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Cyber policy: the place of Internet measurements

I recently participated on a session on “Building research capacity in internet measurements, cyber policy and digital rights” at the #FIFAfrica 2017 conference on Internet Freedom. My role was to give a technical perspective on Internet measurements for cyber policy development from a Regional Internet Registry’s (RIR) point of view. The other panelists were Eric Frenkil from BudgIT Nigeria, Allison Gilwald, Research ICT Africa and James Marchant, Small Media. Internet measurements are often sought to be a strictly technical subject and there are very few references in literature where Internet measurements have actually helped to formulate internet policies per se. The aim of this panel was to bring together network specialists and Internet policy researchers to identify the gaps in research capacity in the area of digital rights and cyber policy.

What does one mean when they say that the internet should be measured and what value does internet measurements bring? Internet measurements actually help to provide insight about different aspects of the internet, about its performance, its robustness and can help to understand how resilient networks are based on the data collected. For e.g. a country with only one incumbent ISP bears multiple risks, it may act as a single point of failure (cable breaks, network outage, etc) or having only one entry and one exit point in a country can make it easy for mass scale surveillance. So basically, Internet measurement research must not solely look at one aspect of the Internet (technical or otherwise) but use different techniques to have a 360 degree understanding of the “state of the Internet”. As such research in this field should be multi-faceted ranging from Internet policy (accessibility, affordability and usage) to quality of service (latency, throughput and performance) and security.

Internet measurement also encompases the study of censorship and surveillance systems. Censorship consists of mainly the blocking of “illegal” content, which is different from surveillance, whose role is to track users sending doubtful traffic. Surveillance systems are usually Deep-Packet-Inspection (DPI) based. An Internet measurement tool used to detect censorship is OONI (Open Observatory of Network Interference) and works by the placement of probes in different eyeball networks. However, as with any other censorship measurement mechanism, hosting an OONI probe and running measurements are not without risks. Surveillance, on the other hand, is actually more difficult to detect as the web content or service is not blocked, but rather traffic is eavesdropped, such that private user information can be revealed. However, there are some subtleties (for e.g. HTTP header manipulation) that can help detect whether a data packet has transited through a middlebox (for e.g. a DPI module or a transparent proxy).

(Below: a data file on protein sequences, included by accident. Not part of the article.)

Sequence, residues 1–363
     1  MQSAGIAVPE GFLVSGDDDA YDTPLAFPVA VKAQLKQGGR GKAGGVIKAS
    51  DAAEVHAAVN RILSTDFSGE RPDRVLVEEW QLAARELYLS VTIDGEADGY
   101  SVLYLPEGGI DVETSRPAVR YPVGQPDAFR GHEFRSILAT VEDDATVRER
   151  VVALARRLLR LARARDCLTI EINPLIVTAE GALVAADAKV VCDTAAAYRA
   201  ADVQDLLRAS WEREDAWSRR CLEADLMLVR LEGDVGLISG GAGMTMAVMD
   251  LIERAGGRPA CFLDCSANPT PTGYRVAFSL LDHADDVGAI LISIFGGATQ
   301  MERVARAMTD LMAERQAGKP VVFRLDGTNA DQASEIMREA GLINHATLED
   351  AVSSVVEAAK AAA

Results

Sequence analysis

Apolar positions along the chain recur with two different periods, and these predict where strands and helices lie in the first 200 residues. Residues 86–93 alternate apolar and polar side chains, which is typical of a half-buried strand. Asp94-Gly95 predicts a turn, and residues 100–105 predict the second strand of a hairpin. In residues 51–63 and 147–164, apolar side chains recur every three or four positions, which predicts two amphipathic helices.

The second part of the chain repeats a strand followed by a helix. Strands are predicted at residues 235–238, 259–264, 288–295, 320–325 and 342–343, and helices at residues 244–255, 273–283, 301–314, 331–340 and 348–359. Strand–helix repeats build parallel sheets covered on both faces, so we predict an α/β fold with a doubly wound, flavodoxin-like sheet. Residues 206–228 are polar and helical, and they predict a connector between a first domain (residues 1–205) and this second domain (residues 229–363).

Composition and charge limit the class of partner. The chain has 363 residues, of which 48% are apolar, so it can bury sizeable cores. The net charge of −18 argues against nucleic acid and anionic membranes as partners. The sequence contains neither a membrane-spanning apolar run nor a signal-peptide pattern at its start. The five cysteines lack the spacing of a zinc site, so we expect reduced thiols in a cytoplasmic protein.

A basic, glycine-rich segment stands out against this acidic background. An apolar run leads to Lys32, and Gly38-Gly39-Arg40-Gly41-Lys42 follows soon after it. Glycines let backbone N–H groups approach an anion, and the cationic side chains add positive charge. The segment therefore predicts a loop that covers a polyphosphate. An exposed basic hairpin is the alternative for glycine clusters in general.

As we are all rapidly moving towards a converged means of communication over IP (Internet Protocol), cyber policy and governance are (rapidly) breaking away from the silos we have inherited from the telecommunications and broadcasting regulations over the years. Africa is currently experiencing this drastic change as Internet penetration is globally improving - which is a good indication of growth - as an improved Internet access helps to bring new opportunities, break barriers and bridge digital divides. Yet, not everyone is playing on level fields, for e.g. the prohibitive prices of mobile data in South Africa is preventing equal access to the Internet (#DataMustFall campaign), unequal performance or government wiretapping or censoring (legally or otherwise) their citizens are preventing Internet users from exercising their full rights as described in the The African Declaration on Internet Rights and Freedoms. The question is therefore: “Internet development - yes - but at what costs”? “Cost” does not only refer to affordability of access, but also accessibility, performance, security and the protection of citizen’s digital rights such privacy, freedom of speech and access to information and even more recently the “right to be forgotten”. All those constitute important “health metrics” of the Internet and should constantly be measured. There is definitely a need for new expertise for research in digital rights and ICT access on the continent. Internet measurements can provide useful insights which is normally difficult to have without longitudinal measurement, how do you evaluate policy impact for e.g. national peering policy. 

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